During his visit to China, Gov. Jerry Brown promoted investment opportunities in industries such as clean energy, infrastructure and alternative-fuel vehicles that have the potential to remake California’s economy for decades.
Yet another initiative he highlighted might prove to be more far-reaching — an investment in the capacity of Californians to understand and directly connect with the people now building China’s economy.
While in Beijing, Brown announced a new program to send dozens of community college students to study in China starting in 2014. This initiative is made possible by a $250,000 gift from the Florence Fang Family Foundation, based in San Francisco, in support of the 100,000 Strong Foundation, launched recently by former Secretary of State Hillary Rodham Clinton to encourage young Americans to learn Mandarin and study in China.
The program will begin by helping students from the San Mateo County Community College District and will expand to other community colleges throughout the state. The program will seek to ensure that the next generation of Americans has the skills and knowledge to work with China, thereby growing businesses and our job base through greater exports and increased investment in the U.S.
This effort fills a great and growing need for our country — and especially California. China is not only the world’s second-largest economy, but it is also our second-largest trading partner and our third-largest export market.
China will continue to represent huge potential markets for American goods and services, including major California industries such as aerospace, telecommunications, information technology and entertainment.
With our Pacific orientation, the largest Chinese-American population in the nation and more investment deals from China than any other state, California is uniquely positioned to lead the U.S. in developing job-creating, business-building economic relationships with China.
In 2012, California exported roughly $14 billion in goods and services to China, in high-skill, high-wage and high-value-added sectors such as computers and electronic products. China is an especially important market for the Bay Area: During 2011 alone, the San Francisco-Oakland-Fremont area exported $2.1 billion in goods and services to China, an 86 percent increase since 2005.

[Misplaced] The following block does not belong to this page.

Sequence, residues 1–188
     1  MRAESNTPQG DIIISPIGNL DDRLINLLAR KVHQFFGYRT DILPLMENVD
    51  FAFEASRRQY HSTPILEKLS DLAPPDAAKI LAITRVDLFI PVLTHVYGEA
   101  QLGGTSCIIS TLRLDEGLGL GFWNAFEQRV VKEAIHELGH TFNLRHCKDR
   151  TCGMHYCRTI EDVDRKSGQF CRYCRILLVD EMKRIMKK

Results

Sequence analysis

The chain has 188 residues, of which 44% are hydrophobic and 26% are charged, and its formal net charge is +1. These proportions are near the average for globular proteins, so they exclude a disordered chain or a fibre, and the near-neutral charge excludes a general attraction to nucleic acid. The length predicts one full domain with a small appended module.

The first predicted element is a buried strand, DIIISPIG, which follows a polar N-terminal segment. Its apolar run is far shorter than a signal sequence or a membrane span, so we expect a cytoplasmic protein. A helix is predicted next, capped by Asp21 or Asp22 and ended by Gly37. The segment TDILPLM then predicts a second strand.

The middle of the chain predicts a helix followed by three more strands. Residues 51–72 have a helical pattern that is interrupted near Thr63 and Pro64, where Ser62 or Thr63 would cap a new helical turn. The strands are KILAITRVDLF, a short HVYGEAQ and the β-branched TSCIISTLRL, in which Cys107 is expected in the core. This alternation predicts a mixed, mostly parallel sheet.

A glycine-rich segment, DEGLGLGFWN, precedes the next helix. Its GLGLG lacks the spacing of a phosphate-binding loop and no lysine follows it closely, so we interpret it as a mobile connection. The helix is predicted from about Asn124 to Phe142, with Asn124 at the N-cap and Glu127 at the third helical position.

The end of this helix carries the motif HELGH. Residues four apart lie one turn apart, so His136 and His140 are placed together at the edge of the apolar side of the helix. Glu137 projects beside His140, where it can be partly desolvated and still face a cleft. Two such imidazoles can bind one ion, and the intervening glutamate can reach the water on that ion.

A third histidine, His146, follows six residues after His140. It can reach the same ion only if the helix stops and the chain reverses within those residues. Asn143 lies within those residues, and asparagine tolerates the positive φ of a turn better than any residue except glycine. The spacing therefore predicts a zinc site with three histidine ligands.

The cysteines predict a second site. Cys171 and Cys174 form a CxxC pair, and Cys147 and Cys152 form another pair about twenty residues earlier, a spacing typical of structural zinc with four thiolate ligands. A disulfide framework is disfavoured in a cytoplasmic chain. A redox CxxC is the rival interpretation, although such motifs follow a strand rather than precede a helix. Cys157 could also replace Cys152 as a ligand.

However, for all the bright promise of U.S.-China economic relations, large gaps in understanding may yet threaten our two countries’ economic prospects. Most Americans, including Californians, know relatively little about China.
Ten times more Chinese students come to the United States for educational programs than Americans going to China, and 600 times more Chinese study the English language than Americans study Mandarin.
Moreover, we must also ensure that opportunities to learn about China are not restricted to those from privileged backgrounds. That is why it is important to not only grow but also to diversify the roster of Americans who are engaged with China. For example, while approximately 43 percent of American undergraduates are enrolled in community colleges, just 3 percent of them study abroad. By focusing on community college students, the California program will begin to bridge this gap.
Through collaborations with the 100,000 Strong Foundation, California will play an increasingly important role building bridges of knowledge and understanding between the U.S. and China. Ultimately, these collaborations will not only build lasting relationships between our great nations, but a prosperous economic future for the Golden State.
Florence Fang and Chris Cooper are board members of the 100,000 Strong Foundation.